Freya is 23rd in line for the throne. At a party that contains all of the who-who of the kingdom Freya leaves early and the whole party is poisoned to death. Suddenly Freya, a scientist at heart with social anxiety, is Queen and thrust into the most coveted position in the kingdom. She must win the trust of the people, fix a very corrupt court, and stay alive long enough to figure out who tried to kill everyone.
Oh I wanted to love LONG MAY SHE REIGN. I honestly saw the cover and thought I needed this book. The cover is quite gorgeous. Then I saw the author and remembered that I have read Rhiannon Thomas’s A WICKED THING. She writes good YA but it is a bit more like young YA. Reading the synopsis made me think maybe this book would be more mature. I was right and wrong about that. Although parts of this story felt fantasy book familiar it was well written and had me really absorbed in the story. It is a stand-alone, so right away I made two assumptions.
- There won’t be a ton of world building. It’s okay because there was just enough to set the scene for me.
- There will be a super happy ending that ties up all the loose ends. That didn’t happen but the last line had a big impact on me. Maybe the best last line I have ever read.
I had grown quite attached to all the characters and there was this major issue not resolved, at least not in the way I was hoping it would be. I will say that I really enjoyed reading it. In fact I was a little sad when it was over because I wanted more.
I didn’t like Freya right away. I didn’t like her to have social anxiety and I didn’t like her to be so science-y. I can’t remember the last time I read about a character with social anxiety. There just isn’t enough of this topic in YA. I was wrong in my initial assessments of her. The social anxiety was well handled in my opinion, and the science really came in handy. I know some would argue that the social anxiety seems t just go away, but I think in growing into her role Freya found ways to handle it.I do wish the author would have explored how she did it a bit more.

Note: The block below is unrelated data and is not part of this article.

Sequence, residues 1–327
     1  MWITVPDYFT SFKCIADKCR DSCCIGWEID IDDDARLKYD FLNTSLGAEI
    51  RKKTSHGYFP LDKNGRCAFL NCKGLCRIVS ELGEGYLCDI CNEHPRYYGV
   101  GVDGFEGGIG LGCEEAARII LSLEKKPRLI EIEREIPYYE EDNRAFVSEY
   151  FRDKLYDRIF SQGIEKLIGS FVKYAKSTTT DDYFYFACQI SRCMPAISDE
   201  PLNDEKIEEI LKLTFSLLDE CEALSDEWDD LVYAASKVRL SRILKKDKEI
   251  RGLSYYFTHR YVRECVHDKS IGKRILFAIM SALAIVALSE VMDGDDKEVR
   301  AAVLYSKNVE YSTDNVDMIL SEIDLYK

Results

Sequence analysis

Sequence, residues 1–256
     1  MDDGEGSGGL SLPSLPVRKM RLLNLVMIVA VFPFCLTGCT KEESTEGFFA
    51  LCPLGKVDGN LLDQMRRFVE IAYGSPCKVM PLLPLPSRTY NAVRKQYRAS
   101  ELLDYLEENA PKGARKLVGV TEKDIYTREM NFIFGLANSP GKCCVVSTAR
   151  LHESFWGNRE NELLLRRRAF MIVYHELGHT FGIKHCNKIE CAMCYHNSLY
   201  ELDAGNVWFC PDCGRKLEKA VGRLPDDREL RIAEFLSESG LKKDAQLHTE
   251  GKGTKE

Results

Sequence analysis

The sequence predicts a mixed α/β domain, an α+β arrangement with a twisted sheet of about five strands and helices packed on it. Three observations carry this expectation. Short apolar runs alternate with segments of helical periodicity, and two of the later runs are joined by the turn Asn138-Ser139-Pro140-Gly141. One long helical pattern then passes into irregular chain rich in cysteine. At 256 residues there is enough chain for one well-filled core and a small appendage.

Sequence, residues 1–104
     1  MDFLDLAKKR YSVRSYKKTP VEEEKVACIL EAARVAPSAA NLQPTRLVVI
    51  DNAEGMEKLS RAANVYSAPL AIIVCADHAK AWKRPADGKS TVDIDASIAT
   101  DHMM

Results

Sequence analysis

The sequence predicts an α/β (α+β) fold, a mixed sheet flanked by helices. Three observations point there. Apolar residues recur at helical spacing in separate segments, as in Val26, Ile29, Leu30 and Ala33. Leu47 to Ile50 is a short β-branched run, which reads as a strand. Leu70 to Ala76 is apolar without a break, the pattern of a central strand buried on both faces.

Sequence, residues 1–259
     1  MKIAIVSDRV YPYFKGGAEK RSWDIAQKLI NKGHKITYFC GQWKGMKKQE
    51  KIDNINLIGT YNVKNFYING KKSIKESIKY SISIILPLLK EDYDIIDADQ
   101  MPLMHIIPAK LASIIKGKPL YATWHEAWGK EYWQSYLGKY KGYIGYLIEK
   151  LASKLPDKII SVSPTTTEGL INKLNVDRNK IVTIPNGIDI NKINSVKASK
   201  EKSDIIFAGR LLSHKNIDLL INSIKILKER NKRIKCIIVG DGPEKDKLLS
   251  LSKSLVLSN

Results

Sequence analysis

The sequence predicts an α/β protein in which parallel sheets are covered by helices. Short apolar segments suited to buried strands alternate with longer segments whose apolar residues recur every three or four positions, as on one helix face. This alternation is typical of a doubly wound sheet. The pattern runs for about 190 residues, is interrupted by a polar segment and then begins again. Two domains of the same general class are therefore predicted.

Freya also has this super chill cat which at first I didn’t like but he grew on me. Freya also has a good female fiend that I was automatically suspicious of. While I am happy to say that my suspicion was unfounded, I know exactly why I felt that way. It is rare to see a genuine female friendship without ulterior motives. I came to realize that this book was full of surprises for me. Freya grows up a lot throughout this story and her transformation is pretty significant. There is so much I loved about her by the end of this story that it was hard to let her go. I do like how everything ended up, and that it was a bit open ended.
I am not even going to touch upon the love interest. I have very mixed feelings about it. I enjoyed reading this enough to recommend it. The mystery of who-done-it felt second to seeing this girl succeed in ruling the kingdom. Although the mystery didn’t hook me, the surprises about Freya herself were enough to keep me interested.
Long May She Reign by Rhiannon Thomas
Published by HarperCollins on February 21st 2017
Genres: Young Adult Fiction, Fantasy, General, Romance, Royalty
Also by this author: A Wicked Thing
eARC provided by HarperTeen
The Girl of Fire and Thorns meets The Queen of the Tearling in this thrilling fantasy standalone about one girl’s unexpected rise to power.
Freya was never meant to be queen. Twenty-third in line to the throne, she never dreamed of a life in the palace, and would much rather research in her laboratory than participate in the intrigues of the court. However, when an extravagant banquet turns deadly and the king and those closest to him are poisoned, Freya suddenly finds herself on the throne.
She may have escaped the massacre, but she is far from safe. The nobles don’t respect her, her councillors want to control her, and with the mystery of who killed the king still unsolved, she knows that a single mistake could cost her the kingdom—and her life.
Freya is determined to survive, and that means uncovering the murderers herself. Until then, she can’t trust anyone. Not her advisers. Not the king’s dashing and enigmatic illegitimate son. Not even her own father, who always wanted the best for her but also wanted more power for himself.
As Freya’s enemies close in and her loyalties are tested, she must decide if she is ready to rule and, if so, how far she is willing to go to keep the crown.